Back-to-school this year has been made all the more complicated by the Coronavirus pandemic. Working parents with school-age children are scrambling to find affordable, safe child care programs and remote learning sites in their communities to support their children’s education.
From our perspective, the best option for parents is licensed child care programs that have qualified staff who are trained and supported in meeting the extensive CDC health and safety guidelines to help keep children, staff, and families safe.
Licensed child care programs have always been required to meet robust health and safety standards that protect children’s well-being, such as criminal background checks for child care staff, ongoing health and safety training for staff, sanitation, building, and fire inspections, and staff to child ratios to ensure appropriate supervision. These licensing policies give parents the peace of mind that these programs are accountable and are doing everything they can to ensure the health and safety of children, staff, and families during this public health crisis.
The NC Division of Child Development and Early Education (DCDEE) has made it easy for families to locate licensed programs across the state by contacting a new child care hotline 1-888-600-1685 to connect families to available licensed child care program. Please see below to download flyers to share this information with your community!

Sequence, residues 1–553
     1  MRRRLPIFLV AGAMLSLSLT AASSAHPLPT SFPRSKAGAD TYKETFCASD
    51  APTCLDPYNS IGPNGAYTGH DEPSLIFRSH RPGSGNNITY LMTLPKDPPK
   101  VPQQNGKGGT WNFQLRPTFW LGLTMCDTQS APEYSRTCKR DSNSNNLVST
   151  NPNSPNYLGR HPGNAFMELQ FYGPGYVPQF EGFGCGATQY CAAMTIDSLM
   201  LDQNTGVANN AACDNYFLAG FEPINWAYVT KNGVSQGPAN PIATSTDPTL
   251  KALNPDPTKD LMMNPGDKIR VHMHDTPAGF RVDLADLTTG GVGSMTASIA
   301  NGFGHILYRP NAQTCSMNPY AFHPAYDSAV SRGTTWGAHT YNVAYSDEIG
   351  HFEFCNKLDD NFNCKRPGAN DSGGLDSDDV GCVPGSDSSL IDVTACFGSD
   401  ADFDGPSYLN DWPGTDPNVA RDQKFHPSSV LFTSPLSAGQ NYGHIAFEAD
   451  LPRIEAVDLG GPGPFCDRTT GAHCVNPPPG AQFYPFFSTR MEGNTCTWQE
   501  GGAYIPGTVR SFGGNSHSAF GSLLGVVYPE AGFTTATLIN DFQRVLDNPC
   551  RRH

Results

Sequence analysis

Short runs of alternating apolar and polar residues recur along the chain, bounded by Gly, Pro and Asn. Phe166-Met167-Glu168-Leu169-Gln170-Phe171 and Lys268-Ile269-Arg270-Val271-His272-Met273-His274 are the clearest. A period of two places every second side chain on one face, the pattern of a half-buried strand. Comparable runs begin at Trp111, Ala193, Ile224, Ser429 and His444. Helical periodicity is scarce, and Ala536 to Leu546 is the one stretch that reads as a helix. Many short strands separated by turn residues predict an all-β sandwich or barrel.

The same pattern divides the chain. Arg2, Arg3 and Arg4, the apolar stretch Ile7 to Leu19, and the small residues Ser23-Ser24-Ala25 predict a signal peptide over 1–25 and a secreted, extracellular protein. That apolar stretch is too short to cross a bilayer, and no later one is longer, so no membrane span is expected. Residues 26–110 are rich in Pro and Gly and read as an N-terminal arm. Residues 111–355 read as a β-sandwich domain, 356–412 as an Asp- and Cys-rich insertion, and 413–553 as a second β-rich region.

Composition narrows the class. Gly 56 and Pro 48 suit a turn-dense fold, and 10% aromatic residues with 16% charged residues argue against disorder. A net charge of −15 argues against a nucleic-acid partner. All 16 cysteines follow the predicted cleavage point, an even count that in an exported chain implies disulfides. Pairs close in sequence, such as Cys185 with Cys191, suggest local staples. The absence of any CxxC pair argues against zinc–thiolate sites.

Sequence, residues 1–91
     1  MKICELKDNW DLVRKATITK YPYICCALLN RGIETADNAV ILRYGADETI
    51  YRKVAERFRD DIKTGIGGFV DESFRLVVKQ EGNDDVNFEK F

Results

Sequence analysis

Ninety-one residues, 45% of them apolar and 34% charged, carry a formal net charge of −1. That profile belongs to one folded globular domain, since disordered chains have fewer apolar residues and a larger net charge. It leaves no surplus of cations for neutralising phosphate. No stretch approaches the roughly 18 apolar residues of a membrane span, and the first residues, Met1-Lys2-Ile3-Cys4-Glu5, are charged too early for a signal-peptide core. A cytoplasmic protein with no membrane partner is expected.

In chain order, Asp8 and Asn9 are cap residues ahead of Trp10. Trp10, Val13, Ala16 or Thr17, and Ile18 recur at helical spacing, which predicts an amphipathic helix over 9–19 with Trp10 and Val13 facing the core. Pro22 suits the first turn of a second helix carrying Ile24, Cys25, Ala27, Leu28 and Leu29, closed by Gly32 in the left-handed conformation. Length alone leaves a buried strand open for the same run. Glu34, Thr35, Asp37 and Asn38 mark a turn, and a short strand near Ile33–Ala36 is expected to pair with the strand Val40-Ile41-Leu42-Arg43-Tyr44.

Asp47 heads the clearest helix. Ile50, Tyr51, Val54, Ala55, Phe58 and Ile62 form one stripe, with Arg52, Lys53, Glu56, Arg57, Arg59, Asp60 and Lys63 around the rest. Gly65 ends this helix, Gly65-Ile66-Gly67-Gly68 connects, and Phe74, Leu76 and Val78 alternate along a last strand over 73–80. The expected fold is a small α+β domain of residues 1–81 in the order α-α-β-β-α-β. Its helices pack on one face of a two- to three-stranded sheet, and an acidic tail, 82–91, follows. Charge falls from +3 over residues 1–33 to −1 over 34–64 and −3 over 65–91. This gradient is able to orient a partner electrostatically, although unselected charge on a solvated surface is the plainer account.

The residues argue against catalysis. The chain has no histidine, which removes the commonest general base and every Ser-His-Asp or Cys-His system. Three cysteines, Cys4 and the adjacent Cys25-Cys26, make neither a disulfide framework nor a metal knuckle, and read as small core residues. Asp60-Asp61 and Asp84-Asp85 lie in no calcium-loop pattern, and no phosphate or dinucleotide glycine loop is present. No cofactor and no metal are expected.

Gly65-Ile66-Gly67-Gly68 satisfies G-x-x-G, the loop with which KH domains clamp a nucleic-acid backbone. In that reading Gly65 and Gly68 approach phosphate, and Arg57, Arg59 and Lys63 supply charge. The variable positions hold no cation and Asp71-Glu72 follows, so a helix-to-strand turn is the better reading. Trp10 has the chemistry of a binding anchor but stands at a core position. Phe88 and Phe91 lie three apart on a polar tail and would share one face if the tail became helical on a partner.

Public schools are also stepping up to support students’ remote learning by partnering with community-based organizations like YMCAs/YWCAs, Boys and Girls Clubs, Parks and Recreation Departments, and other local nonprofits. To facilitate this process, the NC Child Care Commission passed special emergency rules to allow public schools to contract with community-based organizations to serve as Remote Learning Facilities. When this happens, public schools and community-based organizations are required to meet the health and safety guidelines in the Strong Schools/NC Public Health Toolkit. Click here for more information.
The issue remains that there has never been adequate funding to support licensed child care programs, community-based organizations, and public schools to meet the needs of children and families for quality early education.
Now during this crisis, it is vitally important that policymakers step up to ensure that every child in every community has access to affordable school-age child care and remote learning educational opportunities.
We must all work together to make sure that in the urgency to support children and families and solve the school-age child care and remote learning crisis, we put the health and safety of children, families, and communities first. Community-based organizations must meet the health and safety standards required of all licensed child care providers.
We must call on our policymakers to maintain a quality licensed early education system and expand child care subsidy assistance to working families to ensure equitable opportunities for all children across the state.
During this legislative session, which is going to be fast – just two days – we will continue to make this case and be part of the solution to promote healthy and safe school-age child care and remote learning partnerships. Children are counting on us to be their champions. Stay tuned and join us in this important work to ensure all children have a sound basic education, starting in early childhood.